When printing photos directly from a media card, you can opt to print one or multiple copies of all your photos. Alternately, you can key in the number of just a single photo, though you'll have to print a photo index first to figure out the photo number, as the OfficeJet 6310 doesn't have a preview LCD. If you're printing a photo index anyway, the other option is to bubble in the photos you want printed, choose your layout (4x6 or multiple photos on a single page--up to six), and scan the index sheet. One drawback to HP's implementation of the index sheet (as opposed to Canon's) is that you can't print multiple copies of a photo via the index sheet. Using the photo print menu, you can designate the type and size of your paper, add a date stamp, and print multiple photos (up to 9) on a single page.
The HP OfficeJet 6310 was a middle-of-the-road performer in CNET Labs' tests. It printed text at a sluggish 2.86 pages per minute, on a par with the Brother MFC-440cn but far behind the Canon MP530 and MP830 office all-in-ones. On the graphics print test, it did better, scoring 2.16ppm, just behind both Canons and ahead of the Brother unit. Photo printing was its forte: it printed a 4x6 photo at a rate of 0.85ppm; only the Canon MP830 was faster. Unfortunately, the OfficeJet really stumbled when it came to the scan and copy speed tests. It scanned grayscale and color documents at 3.86ppm and 1.61ppm, respectively, and made only 1.43 copies per minute.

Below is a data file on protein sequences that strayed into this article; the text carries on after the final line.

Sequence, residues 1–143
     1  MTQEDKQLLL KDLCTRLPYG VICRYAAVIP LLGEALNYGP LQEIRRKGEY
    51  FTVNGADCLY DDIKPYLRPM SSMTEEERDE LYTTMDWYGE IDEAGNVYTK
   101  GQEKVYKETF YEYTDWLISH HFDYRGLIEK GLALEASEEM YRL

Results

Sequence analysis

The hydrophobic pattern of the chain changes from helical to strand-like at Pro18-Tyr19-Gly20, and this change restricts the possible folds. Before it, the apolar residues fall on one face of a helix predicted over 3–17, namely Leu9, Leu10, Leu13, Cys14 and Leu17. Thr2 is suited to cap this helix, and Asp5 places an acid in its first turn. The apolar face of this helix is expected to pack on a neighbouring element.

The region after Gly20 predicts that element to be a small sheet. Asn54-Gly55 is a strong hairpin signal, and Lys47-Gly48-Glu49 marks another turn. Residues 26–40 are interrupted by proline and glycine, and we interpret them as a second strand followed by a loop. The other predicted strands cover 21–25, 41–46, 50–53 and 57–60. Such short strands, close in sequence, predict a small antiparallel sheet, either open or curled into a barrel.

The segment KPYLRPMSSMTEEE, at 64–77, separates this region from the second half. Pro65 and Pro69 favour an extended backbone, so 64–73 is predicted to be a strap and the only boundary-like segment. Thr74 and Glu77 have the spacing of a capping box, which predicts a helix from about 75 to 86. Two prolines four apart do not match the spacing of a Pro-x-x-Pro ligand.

|Copy speed||Color scan speed||Grayscale scan speed||Photo speed||Text speed|
The OfficeJet 6310 also displayed middling quality. The text, though nicely dark, suffered from rough edges and some inconsistencies in letter formation. We saw similar problems in the color graphics print: fuzzy edges and slightly blurry quality. It did a pretty good job with color reproduction, and color blocks were nicely saturated but showed some graininess we didn't like. It handled grayscale and color gradients pretty well, too. The photo elements showed noticeable graininess, though the color, again, was fairly accurate. The printer ran into its worst problem with white text on a colored background; the text quickly became blurry and unreadable at small type sizes. The 4x6 photo print again showed noticeable graininess and slightly washed-out colors. We'd prefer better quality, even for simple snapshots, but the photo quality should be fine for casual business use for fields such as insurance or real estate.
The OfficeJet 6310 fared a bit better in scans, especially the color scan. Colors were true and details were sharply rendered. In the grayscale scans, it handled patterns well but showed some compression at both ends of the grayscale, especially the dark end. This resulted in lost details in shadow areas. The Canon Pixma MP530 demonstrated better quality across the board.
|Color scan||Grayscale scan||Photo||Graphics on inkjet paper||Text on inkjet paper|
Service and support
HP backs the OfficeJet 6310 All-in-One with an industry-standard one-year warranty. While it's under warranty, you can get free, toll-free phone support 24/7, which is generous. HP's Web site has downloadable drivers, software, and manuals; e-mail tech support; online chat with tech support; FAQs; and a troubleshooting guide.